tree in corn field

tree in corn field

I am sitting in my office at my desk, which used to be the kitchen table at my parents house – one of those old white enamel things with the red trim around the edges.

My mini-fountain is gurgling away from where it sits on an old stool. I find peace in this sound of water. It makes me feel closer to the outdoors, to nature, to something wild, which makes sitting at a computer bearable.

I am surrounded by books and clutter and computer screens. Many of the books are useful but not pretty. I pull the thesaurus off the shelf when I can’t find the right word. Books of poetry or inspiration, like “Women Who Run with the Wolves,” “Looking for Home,” and “Journal of a Solitude” are flipped through when I can’t find a place to start and need a prompt or a push into beginning. Sometimes copying down a paragraph of someone else’s words loosens up my own.

Some of the books I no longer need or like. They should go.

cornfield in winter

Papers are scattered across my desk and on the small rolling table that sits to my right. They contain information I refer to as I write my book – old letters, photos, journals, and bits of story I’ve written in the past. Are they bogging me down in details? Maybe. But I decide I need to stay there for awhile longer to go back in time and remember.

There is so much I’ve forgotten and not because it was something to forget but because I wasn’t paying close enough attention to know the significance at the time. How often am I doing that again? Am I doing it right now?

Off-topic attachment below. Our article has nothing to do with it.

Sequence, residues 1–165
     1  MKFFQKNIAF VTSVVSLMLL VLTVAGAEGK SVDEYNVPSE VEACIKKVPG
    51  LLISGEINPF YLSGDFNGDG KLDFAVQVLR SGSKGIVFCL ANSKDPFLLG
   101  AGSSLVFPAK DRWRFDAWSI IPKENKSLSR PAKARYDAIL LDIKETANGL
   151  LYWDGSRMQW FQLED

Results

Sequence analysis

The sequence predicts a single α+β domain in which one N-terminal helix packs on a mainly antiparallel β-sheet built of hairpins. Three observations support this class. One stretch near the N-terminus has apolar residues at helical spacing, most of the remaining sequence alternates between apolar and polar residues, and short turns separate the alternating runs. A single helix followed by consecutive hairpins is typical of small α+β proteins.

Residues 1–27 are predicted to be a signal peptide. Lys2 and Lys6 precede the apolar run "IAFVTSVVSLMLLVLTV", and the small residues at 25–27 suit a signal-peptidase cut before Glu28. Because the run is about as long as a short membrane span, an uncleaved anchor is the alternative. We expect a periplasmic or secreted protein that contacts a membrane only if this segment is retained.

I’d love to go through my house, room by room, organizing and culling things to create space for my thoughts, to clear out anything that I felt I had to hold on to, being the one remaining keeper of memories, but now feel like they are holding me to a person and place I don’t want to be anymore. It feels like they keep me from becoming…

But I can’t take the time right now as it would turn into an excuse not to write or to get outside and walk or bicycle. It’s tempting to come up with excuses not to go outside when it looks so dark and cold and unwelcoming from inside the protection and light of my home. The older and more brittle and stiff I get, the harder it is to make myself move. It’s a good thing that I’m stern with myself, knowing what makes for good medicine.

On Saturday, I woke up with a headache that felt like it was going to ruin my whole day but one bike ride outside later, even though I fell on the ice, I returned home and realized that my headache was gone. Miracles are found outdoors.

bicycling on snowy path

Worse than any fall I can have outside, inside I fall into a trap of eternally preparing to do something I want to do.